There has been a lot of discussion about the ghost estates that haunt many towns and villages across the length and breadth of Ireland. We’ve been trying to find a way to identify them without having to perform an extensive survey. One solution is to use GeoDirectory (the Irish national address database produced by An Post and OSI).

New buildings are eligible to be entered into the database when the initial walls of a property are raised. Data entry is undertaken in a cyclical manner where all rural areas in the country are surveyed once a year and all urban areas are surveyed twice a year. Most new buildings are initially entered as completed but those that are not are classed as ‘under-construction’ and remain flagged as ‘under-construction’ until it is determined that the building is completed through a future survey. Completed buildings that are unoccupied are classed as ‘vacant’. It is therefore possible to determine housing estates where properties have been started but have not been finished, and where finished property remains vacant. (As a test we have carried out a number of site visits in the Dublin and Kildare area and the method seems robust – for example, Hemmingway Park, Clane, Co Kildare, see Figure 1).

Figure 1: Advertised and on-the-ground image of an estate in Clane, Kildare

The map (Figure 2) shows estates that entered the database prior to and including 2007 which still had more than 30 percent of units flagged as ‘under-construction’ or ‘vacant’ in Q3, 2009. The size of the circle represents the total number of units in an estate, and the wedges represent the proportion of property that is ‘under-construction’, ‘vacant’ and ‘occupied’.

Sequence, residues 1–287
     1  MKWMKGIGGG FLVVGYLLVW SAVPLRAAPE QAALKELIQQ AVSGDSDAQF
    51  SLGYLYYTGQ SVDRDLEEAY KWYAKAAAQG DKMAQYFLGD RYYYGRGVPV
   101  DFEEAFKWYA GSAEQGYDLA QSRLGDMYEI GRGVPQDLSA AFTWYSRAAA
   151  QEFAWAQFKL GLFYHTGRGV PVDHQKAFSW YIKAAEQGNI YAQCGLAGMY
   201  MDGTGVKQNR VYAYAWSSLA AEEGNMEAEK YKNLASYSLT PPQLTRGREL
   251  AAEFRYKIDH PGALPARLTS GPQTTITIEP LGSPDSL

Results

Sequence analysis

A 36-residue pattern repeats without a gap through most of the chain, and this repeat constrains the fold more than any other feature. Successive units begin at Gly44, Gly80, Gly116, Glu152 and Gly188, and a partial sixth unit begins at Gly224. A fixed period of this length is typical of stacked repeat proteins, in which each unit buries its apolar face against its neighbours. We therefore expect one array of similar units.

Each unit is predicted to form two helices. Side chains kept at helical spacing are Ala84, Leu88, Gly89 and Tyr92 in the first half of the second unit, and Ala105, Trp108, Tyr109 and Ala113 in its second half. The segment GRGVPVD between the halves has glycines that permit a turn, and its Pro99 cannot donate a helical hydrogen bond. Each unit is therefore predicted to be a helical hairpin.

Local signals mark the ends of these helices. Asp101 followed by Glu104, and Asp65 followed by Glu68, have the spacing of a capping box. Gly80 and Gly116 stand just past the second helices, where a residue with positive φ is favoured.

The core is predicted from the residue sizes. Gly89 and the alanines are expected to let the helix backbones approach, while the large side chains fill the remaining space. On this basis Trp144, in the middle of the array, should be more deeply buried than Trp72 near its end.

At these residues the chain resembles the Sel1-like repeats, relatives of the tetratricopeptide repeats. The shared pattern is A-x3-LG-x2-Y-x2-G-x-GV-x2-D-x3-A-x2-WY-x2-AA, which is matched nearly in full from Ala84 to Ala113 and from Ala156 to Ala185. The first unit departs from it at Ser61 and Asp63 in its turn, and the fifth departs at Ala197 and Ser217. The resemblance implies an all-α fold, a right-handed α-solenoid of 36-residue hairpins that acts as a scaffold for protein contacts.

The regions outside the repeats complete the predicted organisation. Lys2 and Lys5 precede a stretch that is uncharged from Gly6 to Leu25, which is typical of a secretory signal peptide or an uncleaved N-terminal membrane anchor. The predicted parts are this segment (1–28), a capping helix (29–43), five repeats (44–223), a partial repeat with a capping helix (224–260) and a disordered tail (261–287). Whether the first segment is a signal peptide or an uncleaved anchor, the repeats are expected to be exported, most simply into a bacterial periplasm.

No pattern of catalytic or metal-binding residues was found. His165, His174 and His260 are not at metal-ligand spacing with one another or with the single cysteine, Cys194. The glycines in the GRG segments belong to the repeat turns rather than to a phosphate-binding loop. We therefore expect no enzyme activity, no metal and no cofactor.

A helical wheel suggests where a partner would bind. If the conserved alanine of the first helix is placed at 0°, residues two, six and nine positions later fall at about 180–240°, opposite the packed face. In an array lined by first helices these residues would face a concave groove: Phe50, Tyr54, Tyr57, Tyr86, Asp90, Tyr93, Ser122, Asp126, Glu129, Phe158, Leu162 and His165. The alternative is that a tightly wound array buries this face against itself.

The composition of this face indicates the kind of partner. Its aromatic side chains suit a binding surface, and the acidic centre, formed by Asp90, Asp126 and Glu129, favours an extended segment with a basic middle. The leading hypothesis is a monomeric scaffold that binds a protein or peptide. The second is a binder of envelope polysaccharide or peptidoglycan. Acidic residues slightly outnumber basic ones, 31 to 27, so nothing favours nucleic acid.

Figure 2: Spatial Distribution of under-construction ghost estates

The data reveal that there are 74 estates across the country where over 30 percent of the houses have been under-construction or vacant for over 2 years. These ghost estates comprise 3180 dwellings, 1287 of which are occupied, 1023 under-construction and 870 vacant. The average ‘under-construction/vacant’ rate for these estates is 59.5%. These figures do not include estates with less than 10 properties or estates where all the houses are complete but remain empty.

Given that these estates have remained unfinished for 2 years or longer, and their developers have either gone bust or into hibernation, it seems likely that they will remain incomplete for some time to come. For those people unfortunate enough to have purchased a house on one of these estates, not only will they be coping with few neighbours and negative equity, but also the effects of living on a building site and often without basic amenities such as street lighting and footpaths.

Clearly partially constructed ghost estates are going to be a haunting presence in the Irish landscape for some time to come.

Justin Gleeson, Peter Foley and Rob Kitchin